The script was written by Christa Winsloe, who also wrote the original play the film is based on. Winsloe was also openly gay, and circulated in avant garde circles in Munich and Berlin in the liberal days before 1933. It's partly autobiographical, since Winsloe was herself a motherless child incarcerated in a disciplinarian Prussian school. Boys were sent to military schools like this from an early age, so the story could apply just as well to men as to women. One thinks of Frederck the Great, brutalized by his father, his artistic soul turned to steel.
The school is run by a tough old headmistress. Perhaps she was traumatized herself by the kind of society that placed duty, honour and self-sacrifice above all else. The girls wear strange uniforms and are subject to constant rules and inspections. Nonetheless, their natural vivacity wins out. They play, intrigue and concoct plans to beat the system. Into this milieu comes Manuela von Meinhardis (played by Herta Thiele), who is sensitive and dreamy. Desperate for any kind of affection, she falls hopelessly in love with a teacher, Fräulein von Bernburg (Dorothea Wieck) who shows her a little basic kindness. This story could apply to any unhappy, neglected child, even without the lesbian context. When I first saw the film in its post-war release, I didn't pick up the gay connotations at all. Even the notorious kiss scene came over as perfectly natural, which is as it should be.
Christa Winsloe's original play ends with Manuela's suicide. In the film, Manuela is rescued by her classmates as she hangs over the precipice over the staircase, which resembles a "well of loneliness", though Winsloe's play long predated Radclyffe Hall's novel of that name. While Fräulein von Bernburg in the play dares not stand up to the system, in the film she defies the headmistress and makes the keynote statement "What you call sin, I call the great spirit of love, which takes a thousand forms".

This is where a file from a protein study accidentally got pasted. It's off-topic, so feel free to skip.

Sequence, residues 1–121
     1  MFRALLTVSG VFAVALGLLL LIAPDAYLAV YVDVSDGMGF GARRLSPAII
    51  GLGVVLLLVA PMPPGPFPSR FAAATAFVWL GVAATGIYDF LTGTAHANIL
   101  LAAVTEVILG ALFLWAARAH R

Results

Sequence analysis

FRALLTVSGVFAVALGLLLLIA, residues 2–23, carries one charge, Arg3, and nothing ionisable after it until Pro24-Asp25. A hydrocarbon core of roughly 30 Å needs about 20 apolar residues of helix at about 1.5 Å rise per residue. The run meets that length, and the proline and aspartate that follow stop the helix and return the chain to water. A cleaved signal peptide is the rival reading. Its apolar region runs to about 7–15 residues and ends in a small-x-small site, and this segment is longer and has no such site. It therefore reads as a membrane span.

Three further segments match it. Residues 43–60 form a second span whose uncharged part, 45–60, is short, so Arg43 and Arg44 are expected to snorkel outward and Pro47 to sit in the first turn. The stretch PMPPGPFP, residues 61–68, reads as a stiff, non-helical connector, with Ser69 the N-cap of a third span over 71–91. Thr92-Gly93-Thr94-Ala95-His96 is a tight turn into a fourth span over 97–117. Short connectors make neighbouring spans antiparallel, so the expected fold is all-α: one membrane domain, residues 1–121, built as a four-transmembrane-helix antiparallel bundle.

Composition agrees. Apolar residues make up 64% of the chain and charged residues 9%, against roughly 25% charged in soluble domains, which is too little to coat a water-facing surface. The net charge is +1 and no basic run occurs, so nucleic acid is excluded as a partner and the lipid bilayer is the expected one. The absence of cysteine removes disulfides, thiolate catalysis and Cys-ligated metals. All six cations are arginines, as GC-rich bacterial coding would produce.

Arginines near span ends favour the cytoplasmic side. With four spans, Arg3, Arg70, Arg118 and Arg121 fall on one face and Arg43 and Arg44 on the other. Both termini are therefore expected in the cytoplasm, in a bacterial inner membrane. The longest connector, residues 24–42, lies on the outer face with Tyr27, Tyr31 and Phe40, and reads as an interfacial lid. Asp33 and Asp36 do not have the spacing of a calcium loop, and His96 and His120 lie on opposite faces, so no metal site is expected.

The reason for the change isn't because the film was produced by a man, as is sometimes suggested, but because the film was part of the socio-political aesthetic of Weimar cinema. Winsloe sanctioned the change to emphasize the difference between the values of the past and the "new" German spirit. The producer, Carl Froelich, later became a Nazi, but the star Herta Thiele, associated with Berholt Brecht and Ernst Busch. She's the star of the socialist flagship movie Kuhle Wampe (1933) (full download here) with music by Hanns Eisler. Thus, in line with socalist idealism, Manuela is saved by her comrades and justice prevails. If only real life was as straightforward.
Hanns Eisler's music for Kuhle Wampe is so brilliant that it almost eclipses the film. I'll write more about it later, but there's quite a bit about Eisler on this site. The music for Mädchen in Uniform was written by Hansom Milde-Meißner, a name that rings bells but I can't track on Google (which is NOT a substitute for real learning). The music is atmospheric, evoking the bells of Potsdam, military trumpets and mysterious undercurrents. Listen to the final scene, where the headmistress walks away from Fräulein von Bernburg and her defiant outburst. The old lady is dignified, walking stiffly and slowly down a corridor. But the music goes berserk, wavering madly. Will the headmistress crack up, or will she further suppress her instincts and those whom she controls?
There is a remake of Mädchen in Uniform from 1958, starring Romy Schneider. It's pretty good, but softer focus. The girls in the 1931 version stage Schiller's Don Carlos, while the girls in 1958 stage Romeo and Juliet. Perhaps this says something about the decline of modern popular culture. Good, well-educated Prussians would have realized what Don Carlos meant. Tyranny and the theme of thwarted love, absolutely the theme of Mädchen in Uniform.
If you like this read Franziska zu Reventlow, Queen of the Munich Secession, Gay Salomé 1923,
Das blaue Licht -Leni Riefenstahl . Kuhle Wampe - full download and lots more on early Weimar film.